The father, at the doctor’s request, uploaded the images to the health care provider’s messaging system, which were later flagged by AI as potential CSAM and triggered a full investigation.
Two days after the pictures were uploaded, the father was locked out of his Google account due to “harmful content” that was a “severe violation of Google’s policies and might be illegal.” The tech giant Google had closed the father’s accounts and filed a report with the National Center for Missing and Exploited Children.
He reported that he tried to appeal the decision to lock his account, but Google denied his request. The father was blocked from his mobile provider, Google Fi, and all of his data. He also lost access to all his emails, contacts, photos, and his phone number.
Months after the initial account lock, the father was informed that the San Francisco Police Department opened a case against him.
Finally, in December 2021, he received an envelope from the police which contained documents informing him that he had been investigated, and also contained copies of search warrants served on Google and his internet service provider. The case had been closed, and the investigators had ruled that the incident “did not meet the elements of a crime and that no crime had occurred.”
After receiving word that his case had been closed, the father requested that he regain access to his accounts, but Google refused, informing him that his account was to be permanently deleted. He considered suing the company but decided that it would be far too expensive to do so.
This case highlights the complications that arise when using AI technology to identify abusive digital material. Google’s AI was trained to recognize “hashes,” or unique fingerprints, of CSAM. The flagged content is then passed on to human moderators who determine the proper channels to report the potentially harmful material to.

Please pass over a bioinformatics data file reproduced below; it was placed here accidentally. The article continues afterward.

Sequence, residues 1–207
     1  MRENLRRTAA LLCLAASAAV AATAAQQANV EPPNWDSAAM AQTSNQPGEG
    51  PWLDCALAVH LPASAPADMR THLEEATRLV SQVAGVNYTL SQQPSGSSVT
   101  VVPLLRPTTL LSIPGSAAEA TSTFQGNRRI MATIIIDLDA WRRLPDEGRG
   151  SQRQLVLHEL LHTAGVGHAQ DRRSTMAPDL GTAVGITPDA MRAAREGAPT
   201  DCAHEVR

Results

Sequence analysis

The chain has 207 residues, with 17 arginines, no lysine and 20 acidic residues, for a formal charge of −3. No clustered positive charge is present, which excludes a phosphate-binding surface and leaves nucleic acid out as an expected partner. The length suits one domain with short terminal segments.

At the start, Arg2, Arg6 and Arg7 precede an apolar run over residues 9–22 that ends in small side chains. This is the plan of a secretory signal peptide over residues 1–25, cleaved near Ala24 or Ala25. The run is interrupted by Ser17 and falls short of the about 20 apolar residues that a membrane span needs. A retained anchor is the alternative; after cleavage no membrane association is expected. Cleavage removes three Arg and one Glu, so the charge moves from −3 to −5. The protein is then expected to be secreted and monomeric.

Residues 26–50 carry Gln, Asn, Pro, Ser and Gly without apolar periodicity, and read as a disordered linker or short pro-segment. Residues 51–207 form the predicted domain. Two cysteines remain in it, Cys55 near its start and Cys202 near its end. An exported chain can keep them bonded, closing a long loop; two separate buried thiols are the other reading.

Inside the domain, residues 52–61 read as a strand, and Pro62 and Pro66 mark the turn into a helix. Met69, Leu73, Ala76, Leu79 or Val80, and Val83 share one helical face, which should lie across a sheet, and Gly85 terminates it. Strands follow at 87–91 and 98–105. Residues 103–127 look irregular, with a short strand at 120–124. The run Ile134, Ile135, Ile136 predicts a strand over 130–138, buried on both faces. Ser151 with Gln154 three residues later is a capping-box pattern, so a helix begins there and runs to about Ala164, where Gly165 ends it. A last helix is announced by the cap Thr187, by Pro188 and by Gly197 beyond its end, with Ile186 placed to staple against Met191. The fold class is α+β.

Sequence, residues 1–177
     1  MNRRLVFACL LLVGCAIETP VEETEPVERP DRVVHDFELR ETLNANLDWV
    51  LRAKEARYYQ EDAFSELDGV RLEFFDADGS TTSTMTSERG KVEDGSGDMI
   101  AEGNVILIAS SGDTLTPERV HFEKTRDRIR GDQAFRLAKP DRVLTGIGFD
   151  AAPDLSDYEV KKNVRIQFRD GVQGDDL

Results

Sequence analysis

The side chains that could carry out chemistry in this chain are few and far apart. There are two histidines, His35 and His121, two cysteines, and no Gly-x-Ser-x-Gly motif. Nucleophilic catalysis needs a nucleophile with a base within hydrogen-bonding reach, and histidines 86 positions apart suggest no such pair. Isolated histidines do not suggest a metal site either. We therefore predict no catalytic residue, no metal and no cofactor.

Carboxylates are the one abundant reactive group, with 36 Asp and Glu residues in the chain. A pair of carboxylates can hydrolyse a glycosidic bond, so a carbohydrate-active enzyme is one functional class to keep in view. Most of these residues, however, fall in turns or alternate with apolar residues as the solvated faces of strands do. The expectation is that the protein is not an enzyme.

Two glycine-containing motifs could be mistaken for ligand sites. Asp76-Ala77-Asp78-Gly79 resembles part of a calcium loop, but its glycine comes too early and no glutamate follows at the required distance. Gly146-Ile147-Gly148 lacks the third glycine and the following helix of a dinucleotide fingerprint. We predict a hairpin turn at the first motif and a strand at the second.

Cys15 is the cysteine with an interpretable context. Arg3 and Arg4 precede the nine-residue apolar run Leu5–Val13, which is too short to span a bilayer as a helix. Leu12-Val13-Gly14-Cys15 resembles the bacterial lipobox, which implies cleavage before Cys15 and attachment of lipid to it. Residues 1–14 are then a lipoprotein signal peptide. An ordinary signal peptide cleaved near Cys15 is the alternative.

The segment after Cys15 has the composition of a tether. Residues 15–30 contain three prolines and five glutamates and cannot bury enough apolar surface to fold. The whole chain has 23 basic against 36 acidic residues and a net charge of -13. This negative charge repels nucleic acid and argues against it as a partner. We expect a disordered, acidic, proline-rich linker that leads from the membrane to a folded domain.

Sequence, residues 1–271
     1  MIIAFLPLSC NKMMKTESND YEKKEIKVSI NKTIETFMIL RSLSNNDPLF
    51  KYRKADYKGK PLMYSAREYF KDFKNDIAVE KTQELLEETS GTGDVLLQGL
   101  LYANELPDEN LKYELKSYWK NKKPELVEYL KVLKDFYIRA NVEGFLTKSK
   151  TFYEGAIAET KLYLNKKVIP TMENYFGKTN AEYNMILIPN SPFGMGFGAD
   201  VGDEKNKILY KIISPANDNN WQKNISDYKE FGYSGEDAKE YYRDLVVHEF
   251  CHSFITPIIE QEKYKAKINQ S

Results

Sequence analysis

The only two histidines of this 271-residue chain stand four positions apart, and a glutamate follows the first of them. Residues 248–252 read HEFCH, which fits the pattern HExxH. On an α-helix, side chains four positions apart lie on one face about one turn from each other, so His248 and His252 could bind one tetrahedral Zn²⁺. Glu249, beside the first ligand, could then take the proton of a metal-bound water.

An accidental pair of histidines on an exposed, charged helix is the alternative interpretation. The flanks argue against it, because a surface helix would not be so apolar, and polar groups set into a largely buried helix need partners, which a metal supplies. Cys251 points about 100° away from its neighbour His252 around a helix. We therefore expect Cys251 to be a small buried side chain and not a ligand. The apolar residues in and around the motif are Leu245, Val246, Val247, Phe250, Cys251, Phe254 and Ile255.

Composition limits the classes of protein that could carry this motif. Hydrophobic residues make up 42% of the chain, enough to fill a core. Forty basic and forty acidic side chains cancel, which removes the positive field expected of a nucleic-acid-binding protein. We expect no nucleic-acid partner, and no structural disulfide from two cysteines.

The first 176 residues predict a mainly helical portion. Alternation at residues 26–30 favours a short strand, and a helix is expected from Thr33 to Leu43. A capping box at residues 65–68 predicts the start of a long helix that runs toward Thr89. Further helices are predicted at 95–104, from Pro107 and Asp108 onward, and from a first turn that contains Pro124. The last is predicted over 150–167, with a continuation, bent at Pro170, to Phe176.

Christ Muldoon, a Google spokesperson, told The Verge,
“Child sexual abuse material is abhorrent and we’re committed to preventing the spread of it on our platforms. We follow US law in defining what constitutes CSAM and use a combination of hash matching technology and artificial intelligence to identify it and remove it from our platforms. Additionally, our team of child safety experts reviews flagged content for accuracy and consults with pediatricians to help ensure we’re able to identify instances where users may be seeking medical advice.”
Jon Callas, a director of technology projects at the Electronic Frontier Foundation (EFF), a nonprofit digital rights group, called Google’s use of AI “intrusive,” and said “This is precisely the nightmare that we are all concerned about. They’re going to scan my family album, and then I’m going to get into trouble.”
Many people have raised concerns about the new use of AI to identify CSAM. After Apple announced its own Child Safety plan, which would scan images on Apple devices before they’re uploaded to iCloud, users expressed some unease about a potential invasion of privacy.
The EFF criticized Apple’s plan, saying it could “open a backdoor to your private life” and that it represented “a decrease in privacy for all iCloud Photos users, not an improvement.”
Apple ended up putting its image scanning plan on hold, but now offers an option for parents to allow Apple technology to censor their child’s account for nudity in the Messages app.